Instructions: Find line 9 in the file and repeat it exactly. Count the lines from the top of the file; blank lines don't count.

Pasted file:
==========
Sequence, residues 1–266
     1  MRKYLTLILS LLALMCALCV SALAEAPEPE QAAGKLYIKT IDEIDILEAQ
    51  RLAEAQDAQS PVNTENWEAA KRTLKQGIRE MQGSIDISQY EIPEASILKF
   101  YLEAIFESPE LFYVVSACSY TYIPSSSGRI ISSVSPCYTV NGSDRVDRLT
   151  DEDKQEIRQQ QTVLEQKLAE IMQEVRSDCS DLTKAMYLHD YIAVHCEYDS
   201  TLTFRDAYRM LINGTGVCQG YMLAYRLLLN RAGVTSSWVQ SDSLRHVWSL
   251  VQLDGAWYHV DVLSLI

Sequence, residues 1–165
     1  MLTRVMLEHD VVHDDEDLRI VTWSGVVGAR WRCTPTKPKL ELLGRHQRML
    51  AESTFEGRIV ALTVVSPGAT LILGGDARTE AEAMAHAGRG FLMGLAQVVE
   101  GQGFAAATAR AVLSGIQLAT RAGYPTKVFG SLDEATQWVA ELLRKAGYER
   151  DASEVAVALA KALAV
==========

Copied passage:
     1  MLTRVMLEHD VVHDDEDLRI VTWSGVVGAR WRCTPTKPKL ELLGRHQRML